James Q. Whitman’s Hitler's American Model: The United States and the Making of Nazi Race Law, is a chilling, scholarly study of how the Nazis studied and 'learned' from the Jim Crow race laws in the U.S.—looking to America as the 'world leader' in racist governance.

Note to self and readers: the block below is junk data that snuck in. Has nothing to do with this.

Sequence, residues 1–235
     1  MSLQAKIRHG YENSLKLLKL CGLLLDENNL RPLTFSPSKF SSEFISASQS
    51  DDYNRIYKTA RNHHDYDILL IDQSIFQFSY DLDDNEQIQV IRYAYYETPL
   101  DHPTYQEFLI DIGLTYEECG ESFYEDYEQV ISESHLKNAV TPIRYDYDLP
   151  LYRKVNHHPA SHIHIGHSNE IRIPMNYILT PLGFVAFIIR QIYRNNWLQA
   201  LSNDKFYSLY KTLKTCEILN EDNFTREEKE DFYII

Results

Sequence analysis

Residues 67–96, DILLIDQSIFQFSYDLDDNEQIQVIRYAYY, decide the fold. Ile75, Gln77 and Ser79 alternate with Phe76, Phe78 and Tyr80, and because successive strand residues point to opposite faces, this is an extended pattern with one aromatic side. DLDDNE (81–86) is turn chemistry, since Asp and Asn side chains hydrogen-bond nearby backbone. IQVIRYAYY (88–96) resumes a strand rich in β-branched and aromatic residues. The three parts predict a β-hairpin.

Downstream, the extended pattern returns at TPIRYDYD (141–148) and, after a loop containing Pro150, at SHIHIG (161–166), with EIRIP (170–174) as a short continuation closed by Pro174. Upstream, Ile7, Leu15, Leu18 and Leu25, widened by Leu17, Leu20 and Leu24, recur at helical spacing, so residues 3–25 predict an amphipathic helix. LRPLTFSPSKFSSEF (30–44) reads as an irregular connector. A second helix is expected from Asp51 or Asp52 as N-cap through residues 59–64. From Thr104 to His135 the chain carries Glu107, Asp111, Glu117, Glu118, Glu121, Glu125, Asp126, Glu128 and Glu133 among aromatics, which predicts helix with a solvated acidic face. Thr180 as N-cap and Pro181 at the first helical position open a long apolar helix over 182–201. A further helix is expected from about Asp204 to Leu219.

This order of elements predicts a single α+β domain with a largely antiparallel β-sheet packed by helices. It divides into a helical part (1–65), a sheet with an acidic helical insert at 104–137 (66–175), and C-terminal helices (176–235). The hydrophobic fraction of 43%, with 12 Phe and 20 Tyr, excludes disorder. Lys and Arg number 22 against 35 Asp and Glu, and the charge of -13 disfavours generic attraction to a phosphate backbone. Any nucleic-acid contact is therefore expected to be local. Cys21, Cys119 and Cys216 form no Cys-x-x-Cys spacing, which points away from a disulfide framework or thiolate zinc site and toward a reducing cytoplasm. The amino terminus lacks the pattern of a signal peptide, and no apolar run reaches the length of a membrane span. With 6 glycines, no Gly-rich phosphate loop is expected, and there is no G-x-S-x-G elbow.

How American race law provided a blueprint for Nazi GermanyNazism triumphed in Germany during the high era of Jim Crow laws in the United States. Did the American regime of racial oppression in any way inspire the Nazis? The unsettling answer is yes. In Hitler's American Model, James Whitman presents a detailed investigation of the American impact on the notorious Nuremberg Laws, the centerpiece anti-Jewish legislation of the Nazi regime. Both American citizenship and antimiscegenation laws proved directly relevant to the two principal Nuremberg Laws--the Citizenship Law and the Blood Law. Contrary to those who have insisted otherwise, Whitman demonstrates that the Nazis took a real, sustained, significant, and revealing interest in American race policies. He looks at the ultimate, ugly irony that when Nazis rejected American practices, it was sometimes not because they found them too enlightened but too harsh. Indelibly linking American race laws to the shaping of Nazi policies in Germany, Hitler's American Model upends the understanding of America's influence on racist practices in the wider world.